Apr 10 2015
KU Leuven researchers have zeroed in on what makes cancer cells in melanoma so aggressive. They also succeeded in taming the effect in cell cultures. Melanoma, a type of skin cancer, is notoriously quick to metastasize and responds poorly to existing cancer treatments. In their study, published in Nature Communications, the researchers report a significant step forward in the characterization and potential treatment of melanoma.
Human DNA contains genetic information that makes our cells functional entities within a larger whole. The stream of information from DNA to function happens in the form of proteins that anchor themselves to various locations in the DNA and transcribe genetic information into functional cell parts. This process is strictly regulated and is thus very sensitive to change by external factors.
Such changes, called gene-regulatory or epigenomic changes, can alter the regular stream of information between the DNA and the cell without actually altering the DNA itself.
In their study, Professor Stein Aerts (KU Leuven) and Professor Chris Marine (VIB/KU Leuven) were able to confirm that epigenomic changes play an important role in the development and progression of melanoma.
Previous research has shown that melanomas are made up of various types of cells. Each subpopulation of cells in the tumour has different characteristics. What makes melanoma so aggressive, say the researchers, is the existence of a subpopulation that causes progression and metastasis of the cancer. These cells also increase the resistance of the tumour to current cancer drugs.
The researchers found that these subpopulations do not arise from mutations or errors in the DNA itself but are the result of changes in the stream of information from the DNA to the cell. In a first phase of cancer, specific proteins bind themselves to specific locations in the DNA, which allow the tumour to grow. In a second, more aggressive phase, other proteins are activated that bind to other DNA sites, which allow the cancer cells to invade and spread to other tissues in the body.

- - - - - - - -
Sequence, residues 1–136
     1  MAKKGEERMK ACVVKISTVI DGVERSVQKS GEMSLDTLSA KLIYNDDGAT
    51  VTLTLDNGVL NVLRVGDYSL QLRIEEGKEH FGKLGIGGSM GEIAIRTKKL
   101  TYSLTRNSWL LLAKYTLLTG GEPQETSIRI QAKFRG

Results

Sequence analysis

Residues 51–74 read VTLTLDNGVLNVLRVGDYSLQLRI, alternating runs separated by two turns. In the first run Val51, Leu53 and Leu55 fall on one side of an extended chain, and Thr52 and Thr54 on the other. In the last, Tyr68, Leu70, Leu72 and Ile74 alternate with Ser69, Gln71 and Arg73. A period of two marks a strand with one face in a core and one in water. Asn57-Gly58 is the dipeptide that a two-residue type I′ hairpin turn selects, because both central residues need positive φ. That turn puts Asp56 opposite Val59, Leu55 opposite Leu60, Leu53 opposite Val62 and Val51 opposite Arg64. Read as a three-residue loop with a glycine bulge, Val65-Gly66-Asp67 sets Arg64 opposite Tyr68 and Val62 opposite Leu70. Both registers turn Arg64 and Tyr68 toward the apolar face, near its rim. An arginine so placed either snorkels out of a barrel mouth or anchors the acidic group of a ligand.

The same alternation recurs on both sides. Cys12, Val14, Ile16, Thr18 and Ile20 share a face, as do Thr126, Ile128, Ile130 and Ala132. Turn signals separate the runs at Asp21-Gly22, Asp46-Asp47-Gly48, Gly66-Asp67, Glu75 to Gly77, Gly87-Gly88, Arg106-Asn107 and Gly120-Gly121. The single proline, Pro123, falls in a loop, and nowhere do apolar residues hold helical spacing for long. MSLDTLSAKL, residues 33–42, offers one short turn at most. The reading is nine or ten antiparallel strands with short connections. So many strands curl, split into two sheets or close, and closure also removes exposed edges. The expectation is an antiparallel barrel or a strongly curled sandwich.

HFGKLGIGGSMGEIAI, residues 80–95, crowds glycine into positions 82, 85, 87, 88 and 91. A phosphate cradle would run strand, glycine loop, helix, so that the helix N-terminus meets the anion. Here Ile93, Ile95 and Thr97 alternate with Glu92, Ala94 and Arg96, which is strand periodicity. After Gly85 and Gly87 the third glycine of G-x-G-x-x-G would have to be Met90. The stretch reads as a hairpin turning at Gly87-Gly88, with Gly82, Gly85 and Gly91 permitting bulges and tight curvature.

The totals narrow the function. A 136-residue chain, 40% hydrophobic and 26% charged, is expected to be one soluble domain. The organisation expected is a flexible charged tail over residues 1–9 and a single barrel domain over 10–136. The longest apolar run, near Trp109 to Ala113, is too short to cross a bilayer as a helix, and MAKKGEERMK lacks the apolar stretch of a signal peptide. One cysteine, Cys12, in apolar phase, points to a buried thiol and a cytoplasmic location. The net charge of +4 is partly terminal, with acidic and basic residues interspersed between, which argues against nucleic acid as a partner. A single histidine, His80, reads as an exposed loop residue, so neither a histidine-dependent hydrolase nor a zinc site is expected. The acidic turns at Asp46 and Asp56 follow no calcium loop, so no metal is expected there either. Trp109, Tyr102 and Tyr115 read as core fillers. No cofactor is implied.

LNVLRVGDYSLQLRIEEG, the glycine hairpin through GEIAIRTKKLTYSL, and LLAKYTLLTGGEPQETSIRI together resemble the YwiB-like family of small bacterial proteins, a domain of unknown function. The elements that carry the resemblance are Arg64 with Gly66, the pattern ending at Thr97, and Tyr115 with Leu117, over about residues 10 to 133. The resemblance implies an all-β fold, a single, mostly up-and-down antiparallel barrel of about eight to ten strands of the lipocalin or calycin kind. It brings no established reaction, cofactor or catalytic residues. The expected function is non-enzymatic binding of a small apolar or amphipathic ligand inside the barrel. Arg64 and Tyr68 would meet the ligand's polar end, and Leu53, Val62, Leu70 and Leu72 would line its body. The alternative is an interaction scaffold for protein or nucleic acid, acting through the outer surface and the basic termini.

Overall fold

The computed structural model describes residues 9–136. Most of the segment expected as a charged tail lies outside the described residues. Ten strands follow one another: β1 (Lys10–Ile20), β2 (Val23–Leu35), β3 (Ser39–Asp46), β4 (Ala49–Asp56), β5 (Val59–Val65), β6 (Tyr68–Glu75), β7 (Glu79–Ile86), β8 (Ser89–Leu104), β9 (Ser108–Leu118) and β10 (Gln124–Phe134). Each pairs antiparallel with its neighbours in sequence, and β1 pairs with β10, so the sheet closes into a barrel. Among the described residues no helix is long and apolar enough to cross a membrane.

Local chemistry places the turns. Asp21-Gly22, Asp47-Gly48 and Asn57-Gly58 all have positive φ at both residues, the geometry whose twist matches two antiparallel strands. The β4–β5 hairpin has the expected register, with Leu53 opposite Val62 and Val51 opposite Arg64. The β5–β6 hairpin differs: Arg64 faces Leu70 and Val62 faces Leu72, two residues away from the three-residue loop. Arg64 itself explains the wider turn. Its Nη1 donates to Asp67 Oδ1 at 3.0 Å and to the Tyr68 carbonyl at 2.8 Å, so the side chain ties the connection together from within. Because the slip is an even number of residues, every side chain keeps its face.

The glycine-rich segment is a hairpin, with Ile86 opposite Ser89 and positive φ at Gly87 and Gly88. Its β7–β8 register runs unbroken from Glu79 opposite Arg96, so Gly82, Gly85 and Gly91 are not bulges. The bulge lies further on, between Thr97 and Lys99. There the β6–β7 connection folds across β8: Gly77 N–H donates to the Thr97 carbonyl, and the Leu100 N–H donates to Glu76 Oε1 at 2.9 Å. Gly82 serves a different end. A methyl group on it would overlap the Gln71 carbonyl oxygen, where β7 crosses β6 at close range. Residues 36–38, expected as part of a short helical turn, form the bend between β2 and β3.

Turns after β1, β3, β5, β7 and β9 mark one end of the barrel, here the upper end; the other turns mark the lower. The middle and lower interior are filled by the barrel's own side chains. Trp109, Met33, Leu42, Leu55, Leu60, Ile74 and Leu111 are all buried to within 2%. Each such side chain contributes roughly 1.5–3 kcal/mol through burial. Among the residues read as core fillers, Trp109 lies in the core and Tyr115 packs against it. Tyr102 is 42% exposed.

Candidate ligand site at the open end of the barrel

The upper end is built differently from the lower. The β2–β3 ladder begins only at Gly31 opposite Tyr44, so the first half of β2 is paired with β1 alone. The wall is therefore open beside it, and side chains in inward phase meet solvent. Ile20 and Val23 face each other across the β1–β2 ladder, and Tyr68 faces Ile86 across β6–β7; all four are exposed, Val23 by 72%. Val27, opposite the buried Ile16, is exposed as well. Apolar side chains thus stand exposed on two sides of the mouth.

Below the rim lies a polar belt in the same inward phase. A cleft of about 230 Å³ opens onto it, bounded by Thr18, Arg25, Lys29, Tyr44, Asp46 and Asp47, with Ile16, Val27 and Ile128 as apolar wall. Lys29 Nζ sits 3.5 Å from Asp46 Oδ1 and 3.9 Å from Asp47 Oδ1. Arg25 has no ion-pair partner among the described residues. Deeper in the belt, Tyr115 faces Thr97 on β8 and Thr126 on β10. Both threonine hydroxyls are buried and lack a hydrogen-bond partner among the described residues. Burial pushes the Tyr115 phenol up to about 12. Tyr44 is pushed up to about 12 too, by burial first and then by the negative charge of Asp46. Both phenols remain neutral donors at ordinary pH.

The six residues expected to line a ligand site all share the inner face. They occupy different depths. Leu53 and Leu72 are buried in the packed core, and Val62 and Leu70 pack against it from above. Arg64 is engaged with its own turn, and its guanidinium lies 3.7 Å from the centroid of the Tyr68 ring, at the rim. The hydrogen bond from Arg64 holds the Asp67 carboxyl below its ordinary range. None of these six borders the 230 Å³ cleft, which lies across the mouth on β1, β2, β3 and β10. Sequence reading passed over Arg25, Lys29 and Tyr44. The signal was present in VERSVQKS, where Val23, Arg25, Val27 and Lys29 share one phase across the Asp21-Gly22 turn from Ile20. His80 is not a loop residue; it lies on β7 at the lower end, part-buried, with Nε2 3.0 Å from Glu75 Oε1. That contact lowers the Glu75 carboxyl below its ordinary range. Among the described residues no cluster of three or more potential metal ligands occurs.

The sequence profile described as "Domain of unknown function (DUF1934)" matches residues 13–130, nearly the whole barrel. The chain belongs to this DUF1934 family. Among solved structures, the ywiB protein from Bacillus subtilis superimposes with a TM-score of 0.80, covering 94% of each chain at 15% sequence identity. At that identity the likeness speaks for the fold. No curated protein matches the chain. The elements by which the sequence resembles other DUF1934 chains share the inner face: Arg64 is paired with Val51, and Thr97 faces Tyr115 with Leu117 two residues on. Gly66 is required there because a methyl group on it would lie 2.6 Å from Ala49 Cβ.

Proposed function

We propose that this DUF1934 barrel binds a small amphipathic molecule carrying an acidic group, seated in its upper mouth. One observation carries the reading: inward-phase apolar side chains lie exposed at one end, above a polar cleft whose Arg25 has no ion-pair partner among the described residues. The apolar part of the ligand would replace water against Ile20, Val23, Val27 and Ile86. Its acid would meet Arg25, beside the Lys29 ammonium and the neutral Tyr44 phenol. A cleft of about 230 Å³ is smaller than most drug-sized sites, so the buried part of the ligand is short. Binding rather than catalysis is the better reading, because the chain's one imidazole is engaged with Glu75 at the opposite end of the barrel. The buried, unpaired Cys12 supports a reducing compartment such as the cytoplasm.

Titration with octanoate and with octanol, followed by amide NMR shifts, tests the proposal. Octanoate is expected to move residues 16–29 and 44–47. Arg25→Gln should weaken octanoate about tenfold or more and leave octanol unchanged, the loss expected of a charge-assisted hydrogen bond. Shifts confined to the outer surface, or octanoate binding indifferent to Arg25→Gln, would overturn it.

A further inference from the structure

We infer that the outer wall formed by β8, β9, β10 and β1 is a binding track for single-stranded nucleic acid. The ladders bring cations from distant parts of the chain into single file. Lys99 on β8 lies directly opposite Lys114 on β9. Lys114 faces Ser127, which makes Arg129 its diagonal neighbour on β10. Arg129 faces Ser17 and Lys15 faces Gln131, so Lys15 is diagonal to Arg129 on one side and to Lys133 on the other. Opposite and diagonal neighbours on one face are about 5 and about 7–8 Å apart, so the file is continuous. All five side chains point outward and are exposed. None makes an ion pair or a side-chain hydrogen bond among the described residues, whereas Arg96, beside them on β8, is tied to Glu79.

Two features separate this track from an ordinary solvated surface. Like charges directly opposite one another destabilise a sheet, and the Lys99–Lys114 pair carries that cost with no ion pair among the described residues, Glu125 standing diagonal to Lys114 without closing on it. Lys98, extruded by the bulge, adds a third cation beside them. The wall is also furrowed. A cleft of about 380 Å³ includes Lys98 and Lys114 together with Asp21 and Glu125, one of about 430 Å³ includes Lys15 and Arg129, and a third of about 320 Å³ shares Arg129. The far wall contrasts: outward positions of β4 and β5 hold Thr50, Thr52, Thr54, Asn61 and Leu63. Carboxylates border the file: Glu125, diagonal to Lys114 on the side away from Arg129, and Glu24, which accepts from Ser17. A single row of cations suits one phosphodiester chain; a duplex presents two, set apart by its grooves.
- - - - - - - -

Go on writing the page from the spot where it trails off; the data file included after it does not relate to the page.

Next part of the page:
Professor Aerts and his team succeeded in mapping the epigenomic landscape in both phases of melanoma progression. They identified the proteins and the thousands of regions on the DNA to which the proteins bound themselves. Furthermore, when the researchers knocked out these proteins, the melanoma became much less aggressive and more receptive to existing cancer drugs.
This is the first complete epigenomic profile of melanoma and the first study to map the regulatory landscape of the different melanoma cell states.
The results contribute to a more complete picture of cancer cells during melanoma progression and constitute an important step forward in the search for more targeted, more effective therapies for this aggressive type of cancer.